Moreover, the costs of letting malware slip through a browser's defenses are high. The Ponemon study estimated that a data breach resulting from such missed threat detection could bear a price tag of $62,000. Over the past year, such incidents have cost organizations $3 million in network cleanups, repairs and upgrades alone, with more losses on top of that related to loss of corporate reputation and/or intellectual property.
Why are Web browsers still weak links in network security? For starters, there are widespread budget issues, with 51 percent of respondents stating that their IT departments were not receiving the money and other resources needed to effectively curtail malware from the Web. Many enterprises are also still using old-fashioned tools or relying too heavily on browser developers to find and fix bugs.
More specifically, two-thirds of the Ponemon respondents cited psychological reliance on traditional detection methods as an obstacle to getting better at cyber security. At the same time, many enterprises must wait for zero-day exploits to be patched by the major browser makers. Bug bounty programs, such as the one Google has introduced for Chrome, have been a boon for finding issues in recent years, but a new approach toward Web security by IT is still needed.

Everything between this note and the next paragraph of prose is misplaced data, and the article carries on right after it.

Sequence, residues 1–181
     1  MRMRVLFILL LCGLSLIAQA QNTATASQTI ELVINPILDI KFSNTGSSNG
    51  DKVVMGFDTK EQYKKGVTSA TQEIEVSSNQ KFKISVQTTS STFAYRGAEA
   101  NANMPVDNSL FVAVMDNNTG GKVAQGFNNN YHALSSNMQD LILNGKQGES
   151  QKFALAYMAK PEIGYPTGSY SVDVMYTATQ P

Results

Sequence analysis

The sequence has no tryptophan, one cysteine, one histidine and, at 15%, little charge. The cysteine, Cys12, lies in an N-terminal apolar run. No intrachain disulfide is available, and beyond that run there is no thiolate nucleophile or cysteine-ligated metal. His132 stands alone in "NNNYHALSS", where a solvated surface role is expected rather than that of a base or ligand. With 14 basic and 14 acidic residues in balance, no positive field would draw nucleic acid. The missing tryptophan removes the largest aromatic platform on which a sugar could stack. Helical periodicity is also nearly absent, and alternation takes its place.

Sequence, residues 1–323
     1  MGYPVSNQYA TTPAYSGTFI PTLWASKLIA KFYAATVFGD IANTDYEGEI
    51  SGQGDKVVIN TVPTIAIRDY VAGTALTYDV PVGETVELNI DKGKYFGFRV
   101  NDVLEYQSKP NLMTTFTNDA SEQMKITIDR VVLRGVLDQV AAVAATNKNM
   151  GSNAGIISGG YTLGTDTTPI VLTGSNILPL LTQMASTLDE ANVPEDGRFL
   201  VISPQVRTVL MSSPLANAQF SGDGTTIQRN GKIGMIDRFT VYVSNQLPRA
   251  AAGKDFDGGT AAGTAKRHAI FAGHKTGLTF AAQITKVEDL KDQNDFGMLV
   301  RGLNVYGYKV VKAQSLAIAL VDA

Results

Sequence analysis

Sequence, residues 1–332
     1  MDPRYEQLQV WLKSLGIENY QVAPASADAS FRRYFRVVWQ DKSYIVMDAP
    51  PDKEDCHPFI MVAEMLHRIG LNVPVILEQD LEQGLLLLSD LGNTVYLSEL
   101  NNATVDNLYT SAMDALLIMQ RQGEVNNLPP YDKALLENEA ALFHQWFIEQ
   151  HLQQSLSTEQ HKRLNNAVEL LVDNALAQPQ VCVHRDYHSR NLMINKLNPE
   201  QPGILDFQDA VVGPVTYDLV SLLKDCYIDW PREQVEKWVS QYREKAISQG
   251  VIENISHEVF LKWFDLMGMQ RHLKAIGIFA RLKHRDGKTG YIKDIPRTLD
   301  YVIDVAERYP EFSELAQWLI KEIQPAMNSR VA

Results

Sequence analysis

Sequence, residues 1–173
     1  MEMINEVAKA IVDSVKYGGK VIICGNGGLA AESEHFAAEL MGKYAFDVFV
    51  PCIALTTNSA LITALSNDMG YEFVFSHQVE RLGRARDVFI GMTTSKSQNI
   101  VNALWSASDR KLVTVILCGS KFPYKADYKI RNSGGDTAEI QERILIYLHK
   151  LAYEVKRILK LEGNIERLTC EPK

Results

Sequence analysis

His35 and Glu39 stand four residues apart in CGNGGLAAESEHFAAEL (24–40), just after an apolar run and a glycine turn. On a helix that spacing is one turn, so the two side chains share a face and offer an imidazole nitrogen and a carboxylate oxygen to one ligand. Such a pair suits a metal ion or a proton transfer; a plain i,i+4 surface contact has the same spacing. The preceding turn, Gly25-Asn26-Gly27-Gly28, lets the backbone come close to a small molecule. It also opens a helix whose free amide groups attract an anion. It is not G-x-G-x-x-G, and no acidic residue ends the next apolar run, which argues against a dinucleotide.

What should users look out for when using a Web browser?
While some Web threats require automated processes to be detected and contained, many can be spotted and cut off at the pass through common sense measures, including:
- Checking a site's URL to see if it seems too long or unusual (indicating a possible phishing attempt) and whether it is secured by an SSL certificate, with a padlock or green bar in the URL space.
- Monitoring memory usage to see if any unfamiliar processes are taxing the CPU; if there are, then it could be a sign of Web-borne adware, which can usually be dealt with by resetting the browser and using a removal tool.
- Using a secure browser, as a part of a comprehensive security solution, to conduct e-commerce transactions and enter passwords to important Web accounts.
How each enterprise addresses Web malware will depend on its own cyber security history as well as the size of its organization and its overall wherewithal to respond to threats in real-time. Just as standalone antivirus is no longer the answer to advanced attacks. Traditional detection tools may not always catch intrusions from the Web, necessitating deep discovery solutions that can both automatically find risks and assist human operators in containing them.
"You can't get a clear picture of your vulnerabilities without both automated and manual testing, and you need to test the whole stack," said Wendy Nather, research director of the Enterprise Security Practice at 451 Research, on the occasion of the 2013 launch of Trend Micro Web App Security. "Integrating all of this testing makes it much easier for the enterprise to be consistent and thorough in its risk assessments."